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TCD ultrasound and sickle cell disease


Transcranial Doppler ultrasound is a test that uses sound waves to see the inside of the body. You will hear St. Jude staff call it a “TCD.” This test shows how fast blood moves through the blood vessels in your child’s brain.

Why does my child need a TCD?

When your child has sickle cell disease, she has a higher risk of having a stroke than other children. A TCD checks your child’s risk of a stroke. All children with sickle cell anemia (HbSS) or sickle beta thalassemia (SB-0) need this test starting at age 2. TCDs can help the doctor learn if there are:

  • Objects blocking normal blood flow, such as clots, and
  • Blood vessels that are getting narrow. 

Both these things raise your child’s risk of a stroke. So a TCD is important to learn your child’s risk.

How is a TCD done?

A nurse who is trained to do TCD does this test. If you or your child had regular ultrasound before, TCD works the same way. The test uses a small probe that records images of the blood flow inside your child’s head. The images show how well blood is flowing through the blood vessels.

Child having TCD

Read “Do You Know … Ultrasound” to learn more about ultrasound tests, including Doppler ultrasound.

How should my child get ready for a TCD?

Your child should wear comfortable, loose-fitting clothing and take off any hats or glasses. Hair clips and earrings might need to be taken off in areas where the nurse does the test. Your child can eat and drink normally before the test.

What happens during my child’s TCD?

Your child lies on her back on an exam table. The nurse puts a clear gel on your child’s head. This helps the ultrasound probe work better on the skin. The gel might feel cold at first. The nurse will wipe it off when the ultrasound is over. Next, the nurse presses the ultrasound probe firmly on your child’s skin. The nurse might move the probe back and forth in a certain place, or press more firmly in some places. This helps get the best measurement of how blood is moving. During the exam, your child needs to:

  • Be awake,
  • Lie still, and
  • Be as quiet as possible.

Your child cannot eat, drink, or suck on a pacifier during the exam. If your child has trouble lying still or being quiet, you can have a Child Life specialist in the room. The Child Life specialist can help distract your child.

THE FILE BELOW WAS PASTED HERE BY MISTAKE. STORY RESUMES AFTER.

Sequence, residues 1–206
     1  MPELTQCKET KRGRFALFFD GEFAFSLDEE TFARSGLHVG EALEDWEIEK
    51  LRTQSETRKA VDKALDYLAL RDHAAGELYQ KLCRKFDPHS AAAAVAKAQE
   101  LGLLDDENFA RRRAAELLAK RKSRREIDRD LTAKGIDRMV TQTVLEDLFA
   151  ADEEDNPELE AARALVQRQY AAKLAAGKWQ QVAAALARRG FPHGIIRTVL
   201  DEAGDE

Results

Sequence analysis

Who sees the results and how do I get them?

A doctor trained to understand TCD and other imaging tests will see the results first. This doctor is called a “radiologist.” The radiologist will look carefully at how fast blood is moving through your child’s brain. Then the radiologist sends a report to the sickle cell doctor and other staff members who care for your child’s sickle cell disease.

What do the results mean?

Below is a list of the possible results and what each one means.

  • Normal—Your child has a low chance of having a stroke. She will have another TCD in one (1) year, or sooner if the sickle cell doctor thinks it is needed. The result will be in the clinic summary sent to your home.
  • Conditional—Your child has a medium chance of having a stroke. She needs another TCD in 3 to 6 months, or sooner if the sickle cell doctor thinks it is needed. A staff member will call to talk with you about your child’s stroke risk.
  • Abnormal—Your child has a high chance of having a stroke. She needs another TCD in 2 to 4 weeks, depending on what the sickle cell doctor decides. A staff member will call to talk with you about your child’s stroke risk.
  • Limited—The nurse could not take all the pictures needed to learn your child’s stroke risk. So your child’s stroke risk is not known. If this happens, the nurse will tell you at the exam. Your child’s sickle cell doctor will tell you when your child can have another TCD.

What are the benefits and risks of TCD?


  • Ultrasound gives a clear picture of your child’s blood vessels.
  • Ultrasound is extremely safe. It does not use radiation.
  • A TCD does not go inside the body. It does not use needles.
  • An ultrasound might be uncomfortable for a short time, but it almost never hurts.


TCD does not have any harmful effects.


If you have questions about your child’s TCD, please talk to your child’s doctor or nurse.


This document is not intended to take the place of the care and attention of your personal physician or other professional medical services. Our aim is to promote active participation in your care and treatment by providing information and education. Questions about individual health concerns or specific treatment options should be discussed with your physician.

St. Jude complies with health care-related federal civil rights laws and does not discriminate on the basis of race, color, national origin, age, disability, or sex.

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